To assess the risk of serious adverse events in adults with asthma treated with regular maintenance formoterol or salmeterol compared with placebo, or when randomly assigned in combination with regular ICS, compared with the same dose of ICS.
We identified six high-quality, up-to-date Cochrane reviews. Of these, four reviews (89 trials with 61,366 adults) related to the safety of regular formoterol or salmeterol as monotherapy or combination therapy. Two reviews assessed safety from trials in which adults were randomly assigned to formoterol versus salmeterol. These included three trials with 1116 participants given monotherapy (all prescribed background ICS) and 10 trials with 8498 adults receiving combination therapy. An additional search for trials in September 2013 identified five new included studies contributing data from 693 adults with asthma treated with combination formoterol/fluticasone in comparison with the same dose of inhaled fluticasone, as well as from 447 adults for whom formoterol monotherapy was compared with placebo.
No trials reported separate results in adolescents. Overall, risks of bias for the primary outcomes were assessed as low.
Death of any cause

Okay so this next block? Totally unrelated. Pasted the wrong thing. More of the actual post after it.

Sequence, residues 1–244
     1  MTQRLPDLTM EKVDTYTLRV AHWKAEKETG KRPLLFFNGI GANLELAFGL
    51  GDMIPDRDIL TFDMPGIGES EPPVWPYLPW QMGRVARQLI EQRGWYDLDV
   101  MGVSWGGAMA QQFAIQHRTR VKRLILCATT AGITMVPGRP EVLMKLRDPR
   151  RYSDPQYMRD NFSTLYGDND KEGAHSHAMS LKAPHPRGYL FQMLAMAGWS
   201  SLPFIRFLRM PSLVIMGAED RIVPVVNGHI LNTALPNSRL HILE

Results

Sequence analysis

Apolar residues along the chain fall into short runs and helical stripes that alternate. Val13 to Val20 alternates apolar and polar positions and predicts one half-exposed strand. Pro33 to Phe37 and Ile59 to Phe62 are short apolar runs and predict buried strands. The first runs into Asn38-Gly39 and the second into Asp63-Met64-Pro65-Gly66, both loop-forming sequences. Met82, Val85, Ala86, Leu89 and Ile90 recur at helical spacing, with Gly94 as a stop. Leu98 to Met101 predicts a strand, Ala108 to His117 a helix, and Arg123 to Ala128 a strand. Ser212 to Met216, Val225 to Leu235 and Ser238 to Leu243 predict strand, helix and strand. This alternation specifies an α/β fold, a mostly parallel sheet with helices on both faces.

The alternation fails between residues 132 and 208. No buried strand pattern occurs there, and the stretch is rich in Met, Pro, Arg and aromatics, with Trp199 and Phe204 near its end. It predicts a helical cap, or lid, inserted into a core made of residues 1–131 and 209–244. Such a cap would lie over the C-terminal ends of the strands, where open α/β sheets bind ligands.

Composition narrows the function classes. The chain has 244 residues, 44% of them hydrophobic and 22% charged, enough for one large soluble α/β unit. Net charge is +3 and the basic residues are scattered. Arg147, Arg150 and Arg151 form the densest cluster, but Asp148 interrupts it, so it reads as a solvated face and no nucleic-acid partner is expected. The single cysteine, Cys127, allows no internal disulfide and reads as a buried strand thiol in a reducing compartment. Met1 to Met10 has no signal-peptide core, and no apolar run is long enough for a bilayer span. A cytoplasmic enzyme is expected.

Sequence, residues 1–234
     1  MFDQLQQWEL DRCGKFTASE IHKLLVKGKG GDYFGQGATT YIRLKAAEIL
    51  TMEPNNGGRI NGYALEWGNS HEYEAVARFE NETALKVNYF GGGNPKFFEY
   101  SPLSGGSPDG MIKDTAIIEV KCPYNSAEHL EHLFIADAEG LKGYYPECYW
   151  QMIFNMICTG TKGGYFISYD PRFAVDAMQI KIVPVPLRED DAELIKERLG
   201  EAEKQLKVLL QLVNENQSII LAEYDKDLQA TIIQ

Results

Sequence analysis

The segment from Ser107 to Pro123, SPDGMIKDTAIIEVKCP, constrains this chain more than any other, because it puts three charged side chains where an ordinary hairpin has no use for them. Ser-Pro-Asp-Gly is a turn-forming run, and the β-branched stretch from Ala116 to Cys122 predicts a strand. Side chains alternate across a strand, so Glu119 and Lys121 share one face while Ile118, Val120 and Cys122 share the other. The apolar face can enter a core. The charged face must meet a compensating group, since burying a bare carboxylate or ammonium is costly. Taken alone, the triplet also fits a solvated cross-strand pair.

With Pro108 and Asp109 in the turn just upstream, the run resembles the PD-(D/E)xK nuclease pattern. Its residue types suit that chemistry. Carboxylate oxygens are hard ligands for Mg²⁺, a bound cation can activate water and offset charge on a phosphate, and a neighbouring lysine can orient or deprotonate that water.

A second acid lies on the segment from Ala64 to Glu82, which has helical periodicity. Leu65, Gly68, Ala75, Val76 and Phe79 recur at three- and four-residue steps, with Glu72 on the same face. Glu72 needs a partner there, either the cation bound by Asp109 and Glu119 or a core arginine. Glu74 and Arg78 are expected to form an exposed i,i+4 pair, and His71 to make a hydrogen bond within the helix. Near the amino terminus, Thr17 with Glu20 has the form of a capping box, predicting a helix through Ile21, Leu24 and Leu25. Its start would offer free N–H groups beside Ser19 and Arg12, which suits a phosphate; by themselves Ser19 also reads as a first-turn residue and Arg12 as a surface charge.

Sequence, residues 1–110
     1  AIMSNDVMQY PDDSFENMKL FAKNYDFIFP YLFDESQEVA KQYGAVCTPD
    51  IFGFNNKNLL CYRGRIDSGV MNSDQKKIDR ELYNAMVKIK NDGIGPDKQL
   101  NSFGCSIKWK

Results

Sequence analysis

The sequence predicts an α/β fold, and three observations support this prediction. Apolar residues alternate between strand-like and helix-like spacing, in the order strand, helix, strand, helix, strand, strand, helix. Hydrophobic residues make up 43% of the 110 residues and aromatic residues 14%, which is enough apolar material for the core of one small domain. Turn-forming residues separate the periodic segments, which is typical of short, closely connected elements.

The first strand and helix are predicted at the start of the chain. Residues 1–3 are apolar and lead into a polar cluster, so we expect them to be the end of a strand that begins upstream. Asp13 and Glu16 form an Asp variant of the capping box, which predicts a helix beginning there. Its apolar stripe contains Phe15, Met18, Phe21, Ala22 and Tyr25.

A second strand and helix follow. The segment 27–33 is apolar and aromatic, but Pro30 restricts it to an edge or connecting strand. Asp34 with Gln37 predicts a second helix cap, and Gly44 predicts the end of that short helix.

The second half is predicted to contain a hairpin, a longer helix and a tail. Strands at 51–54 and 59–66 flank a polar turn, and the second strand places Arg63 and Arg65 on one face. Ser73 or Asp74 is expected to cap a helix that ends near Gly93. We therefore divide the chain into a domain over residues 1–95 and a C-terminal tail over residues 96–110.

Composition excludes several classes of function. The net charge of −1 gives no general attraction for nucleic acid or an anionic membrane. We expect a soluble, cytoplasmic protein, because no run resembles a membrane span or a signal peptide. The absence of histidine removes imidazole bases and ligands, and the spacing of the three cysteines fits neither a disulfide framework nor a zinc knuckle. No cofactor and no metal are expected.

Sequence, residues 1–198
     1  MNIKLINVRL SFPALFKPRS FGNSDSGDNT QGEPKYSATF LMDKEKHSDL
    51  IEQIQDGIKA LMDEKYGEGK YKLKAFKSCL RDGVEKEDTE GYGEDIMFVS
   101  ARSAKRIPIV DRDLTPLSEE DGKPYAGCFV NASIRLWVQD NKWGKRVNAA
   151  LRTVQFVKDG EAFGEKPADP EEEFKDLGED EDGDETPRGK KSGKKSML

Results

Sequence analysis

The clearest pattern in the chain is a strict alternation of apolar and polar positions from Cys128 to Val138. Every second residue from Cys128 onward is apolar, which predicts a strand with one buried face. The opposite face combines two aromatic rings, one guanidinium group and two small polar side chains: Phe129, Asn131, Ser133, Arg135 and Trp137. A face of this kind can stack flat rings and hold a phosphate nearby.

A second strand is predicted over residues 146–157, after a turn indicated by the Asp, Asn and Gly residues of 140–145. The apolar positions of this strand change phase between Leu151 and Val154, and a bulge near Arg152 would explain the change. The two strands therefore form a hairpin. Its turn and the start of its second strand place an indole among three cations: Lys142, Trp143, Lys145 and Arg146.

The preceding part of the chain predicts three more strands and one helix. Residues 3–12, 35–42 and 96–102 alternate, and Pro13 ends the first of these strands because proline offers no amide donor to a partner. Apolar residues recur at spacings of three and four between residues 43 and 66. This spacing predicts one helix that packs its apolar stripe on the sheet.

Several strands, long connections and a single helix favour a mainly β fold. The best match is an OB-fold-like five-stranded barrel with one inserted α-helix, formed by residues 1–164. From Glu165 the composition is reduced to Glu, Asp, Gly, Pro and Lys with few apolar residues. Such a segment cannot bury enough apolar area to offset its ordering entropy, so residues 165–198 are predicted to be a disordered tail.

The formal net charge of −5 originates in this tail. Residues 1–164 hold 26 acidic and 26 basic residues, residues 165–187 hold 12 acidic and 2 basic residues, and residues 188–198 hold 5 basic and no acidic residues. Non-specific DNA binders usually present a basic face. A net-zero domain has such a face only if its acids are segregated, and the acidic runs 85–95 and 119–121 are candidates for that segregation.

None of the reviews found a significant increase in death of any cause from direct comparisons; however, none of the reviews could exclude the possibility of a two-fold increase in mortality on regular formoterol or salmeterol (as monotherapy vs placebo or as combination therapy versus ICS) in adults with asthma. Pooled mortality results from direct comparisons were as follows: formoterol monotherapy (odds ratio (OR) 4.49, 95% confidence interval (CI) 0.24 to 84.80, 13 trials, N = 4824), salmeterol monotherapy (OR 1.33, 95% CI 0.85 to 2.08, 10 trials, N = 29,128), formoterol combination (OR 3.56, 95% CI 0.79 to 16.03, 25 trials, N = 11,271) and salmeterol combination (OR 0.90, 95% CI 0.31 to 2.6, 35 trials, N = 13,447). In each case, we did not detect heterogeneity, and the quality of evidence was rated as moderate. Absolute differences in mortality were very small, translating into an increase of 7 per 10,000 over 26 weeks on any monotherapy (95% CI 2 less to 23 more) and 3 per 10,000 over 32 weeks on any combination therapy (95% CI 3 less to 17 more).